Though I like trains, in dreams like this they can represent collective approaches and group thinking that don't serve our creativity and our personal preferences. Yet staying on track with other people's values and approaches may be the right way to go. A woman shared a dream in which she was shown two trains that would each get her to her chosen destination at the same time. One of these trains ran on rails; the other did not. In the dream, she chose the train that stayed on track because this felt more comfortable and secure.
    We don't want to miss the possibility that a train dream may be a preview of a quite literal trip, as in Grace's dream:

Train of the Future 

I woke from a dream remembering only that I was sitting on a train, looking out the window and staring at a white building with an unusual shape..
     Two weeks later, I was on the train to New York and as so often happens, it slowed down and came to a stop for no apparent reason.  I looked out the window and was shocked to see the exact same building from my dream; it was some kind of water treatment plant.  We sat for several minutes then the train carried on and I got to the city in time.
     What was this about? This taught me that dreams can be CLEARLY precognitive.  Perhaps that was enough. There may have been a bit of symbolism in the train ride itself - that as I travel on the path of life, I am moving along with occasional stops but getting to my destinations.


There is urgency, or sadness, in some dreams of trains. We are worried we are going to miss a train, which seems to represent a life opportunity. We are parting from someone we love, as did another women dreamer who waved a tearful goodbye to her husband as his train pulled out of a station the week before he died from a heart attack. A mother who lost her son tragically young dreamed that she and her surviving boy accompanied him to the far side of the railroad tracks, and had to leave him there.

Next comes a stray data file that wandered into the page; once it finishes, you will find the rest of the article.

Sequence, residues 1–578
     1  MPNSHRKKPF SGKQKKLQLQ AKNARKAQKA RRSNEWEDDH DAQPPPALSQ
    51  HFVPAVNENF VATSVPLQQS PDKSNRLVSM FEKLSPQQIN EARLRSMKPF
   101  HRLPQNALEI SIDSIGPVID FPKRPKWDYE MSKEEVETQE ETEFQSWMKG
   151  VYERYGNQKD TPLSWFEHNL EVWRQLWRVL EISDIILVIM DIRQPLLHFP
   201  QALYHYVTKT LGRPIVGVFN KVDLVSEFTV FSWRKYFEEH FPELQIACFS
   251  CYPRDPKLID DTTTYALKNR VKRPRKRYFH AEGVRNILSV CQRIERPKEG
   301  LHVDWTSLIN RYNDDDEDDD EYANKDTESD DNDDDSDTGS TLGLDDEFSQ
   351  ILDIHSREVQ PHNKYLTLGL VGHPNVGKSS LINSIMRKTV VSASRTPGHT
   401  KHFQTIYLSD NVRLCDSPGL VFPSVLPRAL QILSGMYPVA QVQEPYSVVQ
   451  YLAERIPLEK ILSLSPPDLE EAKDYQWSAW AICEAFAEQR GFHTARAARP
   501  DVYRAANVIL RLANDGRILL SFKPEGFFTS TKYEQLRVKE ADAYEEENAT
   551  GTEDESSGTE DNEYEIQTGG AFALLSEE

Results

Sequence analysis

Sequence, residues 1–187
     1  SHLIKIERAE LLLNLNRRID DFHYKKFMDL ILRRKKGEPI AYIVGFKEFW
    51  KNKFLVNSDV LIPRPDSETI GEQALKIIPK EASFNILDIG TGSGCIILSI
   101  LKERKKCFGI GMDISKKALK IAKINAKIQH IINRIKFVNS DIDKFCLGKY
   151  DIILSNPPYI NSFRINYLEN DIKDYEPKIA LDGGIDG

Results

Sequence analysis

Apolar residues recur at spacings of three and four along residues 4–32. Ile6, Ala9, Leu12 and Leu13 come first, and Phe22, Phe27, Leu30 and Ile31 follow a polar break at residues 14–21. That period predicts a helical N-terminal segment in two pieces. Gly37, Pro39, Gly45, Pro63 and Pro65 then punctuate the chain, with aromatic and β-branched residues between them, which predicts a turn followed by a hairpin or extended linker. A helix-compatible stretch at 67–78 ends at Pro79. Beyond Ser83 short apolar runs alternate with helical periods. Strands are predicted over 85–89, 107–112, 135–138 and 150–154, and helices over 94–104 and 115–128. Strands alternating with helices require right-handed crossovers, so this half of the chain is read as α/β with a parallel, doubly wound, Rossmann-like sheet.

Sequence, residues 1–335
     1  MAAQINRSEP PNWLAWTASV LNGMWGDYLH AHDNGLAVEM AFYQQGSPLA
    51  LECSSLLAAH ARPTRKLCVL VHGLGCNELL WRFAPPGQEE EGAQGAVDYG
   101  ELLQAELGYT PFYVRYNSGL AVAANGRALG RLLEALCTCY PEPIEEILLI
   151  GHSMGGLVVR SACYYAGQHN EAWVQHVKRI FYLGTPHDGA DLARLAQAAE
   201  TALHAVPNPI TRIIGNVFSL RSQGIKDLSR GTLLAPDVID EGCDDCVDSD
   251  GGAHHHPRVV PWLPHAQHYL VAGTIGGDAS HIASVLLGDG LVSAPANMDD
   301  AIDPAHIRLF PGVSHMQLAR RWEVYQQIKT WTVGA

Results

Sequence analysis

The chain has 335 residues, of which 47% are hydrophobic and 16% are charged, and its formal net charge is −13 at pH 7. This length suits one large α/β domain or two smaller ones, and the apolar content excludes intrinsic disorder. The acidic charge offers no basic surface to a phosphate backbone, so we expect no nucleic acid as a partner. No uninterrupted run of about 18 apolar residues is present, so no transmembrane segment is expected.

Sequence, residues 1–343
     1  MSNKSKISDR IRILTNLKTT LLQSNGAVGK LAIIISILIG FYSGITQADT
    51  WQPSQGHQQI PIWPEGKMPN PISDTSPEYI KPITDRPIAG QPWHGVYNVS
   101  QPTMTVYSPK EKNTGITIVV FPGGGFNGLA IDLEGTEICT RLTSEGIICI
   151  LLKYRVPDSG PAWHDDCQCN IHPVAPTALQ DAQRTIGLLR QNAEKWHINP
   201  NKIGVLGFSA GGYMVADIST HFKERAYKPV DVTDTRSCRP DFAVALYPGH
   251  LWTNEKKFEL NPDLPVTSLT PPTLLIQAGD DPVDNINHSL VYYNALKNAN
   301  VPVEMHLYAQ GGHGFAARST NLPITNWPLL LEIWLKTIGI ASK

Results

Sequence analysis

Then there are the trains that take us into another realm, like the Hogwarts train that leaves from platform 9 3/4 in the Harry Potter stories. Michele dreamed she was in the desert, looking at an immense lion sculpture that reminded her of the Egyptian Sphinx. As she watched, the great lion rose from the sand and became the engine of a train that carried a happy band of children off on magical adventures. This dream inspired her to create an illustrated children's book and to help children with their dreams.
    As in Michele's dream, the engine of the dream train may represent what drives us and fires us up in our life journeys. I love the idea of riding a train that is pulled by a lion!



Art: Gare Montparnasse by Giorgio de Chirico

Saturday, February 25, 2017

Getting Out of the Way of the Big Wave: How dreamers have averted collective disasters